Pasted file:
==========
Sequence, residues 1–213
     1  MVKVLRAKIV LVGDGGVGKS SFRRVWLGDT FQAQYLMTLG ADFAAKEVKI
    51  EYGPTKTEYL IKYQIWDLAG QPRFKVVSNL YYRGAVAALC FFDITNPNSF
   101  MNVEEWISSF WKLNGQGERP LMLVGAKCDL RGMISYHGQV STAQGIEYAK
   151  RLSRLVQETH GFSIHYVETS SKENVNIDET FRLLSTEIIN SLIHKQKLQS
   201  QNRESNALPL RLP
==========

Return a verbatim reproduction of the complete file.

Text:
Sequence, residues 1–213
     1  MVKVLRAKIV LVGDGGVGKS SFRRVWLGDT FQAQYLMTLG ADFAAKEVKI
    51  EYGPTKTEYL IKYQIWDLAG QPRFKVVSNL YYRGAVAALC FFDITNPNSF
   101  MNVEEWISSF WKLNGQGERP LMLVGAKCDL RGMISYHGQV STAQGIEYAK
   151  RLSRLVQETH GFSIHYVETS SKENVNIDET FRLLSTEIIN SLIHKQKLQS
   201  QNRESNALPL RLP